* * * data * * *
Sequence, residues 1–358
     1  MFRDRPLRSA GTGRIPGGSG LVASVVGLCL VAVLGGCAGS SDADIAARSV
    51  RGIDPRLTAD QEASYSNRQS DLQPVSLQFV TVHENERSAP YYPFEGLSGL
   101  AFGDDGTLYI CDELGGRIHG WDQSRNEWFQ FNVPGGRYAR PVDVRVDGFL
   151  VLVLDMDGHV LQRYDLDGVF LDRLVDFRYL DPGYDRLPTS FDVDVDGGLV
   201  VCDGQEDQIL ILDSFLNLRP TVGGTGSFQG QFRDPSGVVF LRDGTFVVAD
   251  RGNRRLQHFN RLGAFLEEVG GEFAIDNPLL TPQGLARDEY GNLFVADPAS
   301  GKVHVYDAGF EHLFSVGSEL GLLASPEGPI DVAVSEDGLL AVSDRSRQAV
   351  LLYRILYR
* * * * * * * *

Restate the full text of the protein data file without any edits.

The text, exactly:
Sequence, residues 1–358
     1  MFRDRPLRSA GTGRIPGGSG LVASVVGLCL VAVLGGCAGS SDADIAARSV
    51  RGIDPRLTAD QEASYSNRQS DLQPVSLQFV TVHENERSAP YYPFEGLSGL
   101  AFGDDGTLYI CDELGGRIHG WDQSRNEWFQ FNVPGGRYAR PVDVRVDGFL
   151  VLVLDMDGHV LQRYDLDGVF LDRLVDFRYL DPGYDRLPTS FDVDVDGGLV
   201  VCDGQEDQIL ILDSFLNLRP TVGGTGSFQG QFRDPSGVVF LRDGTFVVAD
   251  RGNRRLQHFN RLGAFLEEVG GEFAIDNPLL TPQGLARDEY GNLFVADPAS
   301  GKVHVYDAGF EHLFSVGSEL GLLASPEGPI DVAVSEDGLL AVSDRSRQAV
   351  LLYRILYR